When is the last time you thanked a farmer?

| June 5, 2014 | 0 Comments

farm1During a recent audience in St. Peter’s Square, Pope Francis warned about the dangers of pollution and the importance of safeguarding creation as a gift from God.

Few people are as aware of that gift and the need to treat it with respect as our nation’s farmers, who rely on the land, water and other resources to make a living and grow the food that sustains families locally and around the world. That includes nearly 75,000 farmers right here in Minnesota.

But, many of us living in cities and suburbs don’t know much about those farmers, how the food they produce gets to our tables and why we should care about the process used to get it there.

Farmers today face a host of financial, technological and environmental challenges. Some struggle under government and economic policies that aren’t always favorable to smaller, family-owned operations. They must weigh the rewards and risks of using genetically modified organisms and other fast-developing technologies. All of them face the threat posed by long-term climate change and the vagaries of the weather during any given growing season.

That’s one reason the archdiocese hosts an annual Rural Life Sunday celebration. It’s an awareness-building event and an opportunity to give thanks for the men and women who till the land, raise the livestock and help sustain rural communities and the local Church. This year’s celebration will be held June 22 on a Watertown-area farm and feature Mass with Bishop Andrew Cozzens, music, refreshments and children’s activities.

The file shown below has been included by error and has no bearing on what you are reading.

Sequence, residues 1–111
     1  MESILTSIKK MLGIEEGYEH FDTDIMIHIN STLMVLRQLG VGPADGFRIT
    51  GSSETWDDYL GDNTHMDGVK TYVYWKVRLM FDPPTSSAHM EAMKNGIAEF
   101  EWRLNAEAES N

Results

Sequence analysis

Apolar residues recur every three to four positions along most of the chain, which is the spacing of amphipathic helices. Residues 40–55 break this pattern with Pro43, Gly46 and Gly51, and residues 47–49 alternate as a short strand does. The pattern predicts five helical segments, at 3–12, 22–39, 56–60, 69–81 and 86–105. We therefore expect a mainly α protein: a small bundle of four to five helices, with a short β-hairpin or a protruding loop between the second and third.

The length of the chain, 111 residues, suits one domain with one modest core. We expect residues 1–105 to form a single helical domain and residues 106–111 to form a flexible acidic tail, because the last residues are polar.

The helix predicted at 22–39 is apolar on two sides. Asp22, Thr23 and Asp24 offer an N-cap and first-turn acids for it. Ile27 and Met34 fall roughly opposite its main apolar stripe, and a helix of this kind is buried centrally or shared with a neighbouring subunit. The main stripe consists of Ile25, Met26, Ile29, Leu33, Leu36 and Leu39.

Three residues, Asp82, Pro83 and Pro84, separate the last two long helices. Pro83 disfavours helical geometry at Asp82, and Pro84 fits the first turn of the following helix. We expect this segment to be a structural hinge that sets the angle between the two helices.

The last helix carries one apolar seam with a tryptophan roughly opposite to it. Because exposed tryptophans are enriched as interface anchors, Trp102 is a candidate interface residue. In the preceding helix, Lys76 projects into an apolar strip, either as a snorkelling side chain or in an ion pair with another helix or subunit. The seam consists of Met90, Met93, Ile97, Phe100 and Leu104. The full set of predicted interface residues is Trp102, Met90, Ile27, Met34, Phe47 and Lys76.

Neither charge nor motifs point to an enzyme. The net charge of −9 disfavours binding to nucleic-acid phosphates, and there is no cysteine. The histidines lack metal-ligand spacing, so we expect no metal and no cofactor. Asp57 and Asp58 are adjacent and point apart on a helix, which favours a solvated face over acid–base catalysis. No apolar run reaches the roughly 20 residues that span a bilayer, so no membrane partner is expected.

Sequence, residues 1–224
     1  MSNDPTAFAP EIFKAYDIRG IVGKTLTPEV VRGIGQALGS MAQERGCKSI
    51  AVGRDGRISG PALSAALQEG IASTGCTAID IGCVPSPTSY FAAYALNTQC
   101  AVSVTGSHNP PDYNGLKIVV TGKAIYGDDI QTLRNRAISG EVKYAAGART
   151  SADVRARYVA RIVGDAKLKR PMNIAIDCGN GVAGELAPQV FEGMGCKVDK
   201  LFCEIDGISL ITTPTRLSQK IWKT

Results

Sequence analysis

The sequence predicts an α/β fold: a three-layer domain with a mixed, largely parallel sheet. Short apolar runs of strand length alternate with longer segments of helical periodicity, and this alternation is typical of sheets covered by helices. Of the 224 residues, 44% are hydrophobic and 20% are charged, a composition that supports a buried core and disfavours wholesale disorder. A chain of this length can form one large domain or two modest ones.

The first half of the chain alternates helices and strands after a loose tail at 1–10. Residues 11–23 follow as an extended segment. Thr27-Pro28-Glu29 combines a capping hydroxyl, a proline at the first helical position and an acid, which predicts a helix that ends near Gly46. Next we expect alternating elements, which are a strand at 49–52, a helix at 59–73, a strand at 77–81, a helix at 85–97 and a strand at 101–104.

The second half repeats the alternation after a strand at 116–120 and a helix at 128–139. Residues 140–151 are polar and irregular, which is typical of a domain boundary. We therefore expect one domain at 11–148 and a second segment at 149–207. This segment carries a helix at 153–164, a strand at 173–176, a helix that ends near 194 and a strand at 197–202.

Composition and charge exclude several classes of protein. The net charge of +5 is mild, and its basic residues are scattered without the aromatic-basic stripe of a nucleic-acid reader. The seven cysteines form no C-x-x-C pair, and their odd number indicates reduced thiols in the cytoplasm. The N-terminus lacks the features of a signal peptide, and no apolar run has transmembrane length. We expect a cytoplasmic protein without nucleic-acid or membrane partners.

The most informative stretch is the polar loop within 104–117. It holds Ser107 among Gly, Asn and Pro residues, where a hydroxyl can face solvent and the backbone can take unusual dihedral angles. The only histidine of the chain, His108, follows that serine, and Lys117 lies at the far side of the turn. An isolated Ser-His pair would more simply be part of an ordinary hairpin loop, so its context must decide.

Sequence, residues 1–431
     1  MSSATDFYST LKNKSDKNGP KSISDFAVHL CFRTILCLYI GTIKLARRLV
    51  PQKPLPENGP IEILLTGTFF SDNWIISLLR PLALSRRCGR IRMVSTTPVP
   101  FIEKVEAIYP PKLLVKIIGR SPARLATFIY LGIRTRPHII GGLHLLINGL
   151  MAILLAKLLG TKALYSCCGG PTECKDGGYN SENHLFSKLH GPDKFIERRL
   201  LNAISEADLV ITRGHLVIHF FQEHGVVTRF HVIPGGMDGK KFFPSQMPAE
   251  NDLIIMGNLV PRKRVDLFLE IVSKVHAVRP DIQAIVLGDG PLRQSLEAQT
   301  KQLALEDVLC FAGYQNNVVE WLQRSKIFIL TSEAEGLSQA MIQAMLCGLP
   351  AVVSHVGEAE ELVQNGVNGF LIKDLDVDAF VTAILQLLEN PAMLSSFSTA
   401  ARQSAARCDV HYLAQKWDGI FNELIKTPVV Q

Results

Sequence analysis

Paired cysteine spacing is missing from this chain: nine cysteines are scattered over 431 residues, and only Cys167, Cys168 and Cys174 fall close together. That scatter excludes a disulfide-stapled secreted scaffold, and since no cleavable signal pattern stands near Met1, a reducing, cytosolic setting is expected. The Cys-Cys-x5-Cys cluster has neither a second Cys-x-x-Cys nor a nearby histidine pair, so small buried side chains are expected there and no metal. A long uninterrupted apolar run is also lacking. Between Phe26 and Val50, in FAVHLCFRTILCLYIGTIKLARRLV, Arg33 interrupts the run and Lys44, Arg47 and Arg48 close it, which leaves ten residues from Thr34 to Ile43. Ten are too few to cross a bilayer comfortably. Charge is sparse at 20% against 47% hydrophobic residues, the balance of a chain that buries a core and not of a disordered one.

Attending the event is a wonderful way to show your prayerful support and gratitude for the contributions made by farmers and the small towns where they live.

But, it’s just a start.

There are many good resources for learning more about agriculture and environmental stewardship the other 364 days of the year, including Catholic Rural Life, a national organization founded 91 years ago to serve the rural Church.

CRL is grounded in Catholic social teaching, and one of its mantras is that “eating is a moral act” — meaning that food should be produced in ways that are good for the earth, good for consumers and good for farmers and other agricultural workers.

To support food systems that are sustainable, fair and just, CRL recommends getting to know local farmers by visiting farmers’ markets, buying fair-trade products or purchasing a share in a community-supported agriculture venture.

One way we can help answer Pope Francis’ call to care for the environment is by supporting the farmers in our area who are good stewards of the land. It’s one important way to show that we all, no matter where we live, appreciate the gift of creation that God has given us.

How churches can help

  • Identify family farmers who are good stewards of the land and practice good animal husbandry.
  • Keep family farmers viable by buying food directly from them through available methods.
  • Distribute flyers in the church bulletin or in church mailings with information about area farmers.
  • Encourage more farmers to grow and market more products directly with people.
  • Set an example by buying locally grown food for church-sponsored events.
  • Establish a farmers market in the church parking lot.
  • Become a drop-off site for community-supported agriculture distributions.
  • Set up a field trip to a farm, either for a seasonal event or through Vacation Bible School.
  • Sponsor events such as food fairs to lift up local food growers.
  • Encourage youth groups to sponsor fundraisers to purchase subsidized food shares or locally grown food for the needy in the community.

Source: Catholic Rural Life; find out more at http://www.ncrlc.com.


Read more: Falling in love with each other — and farming


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Category: Editorials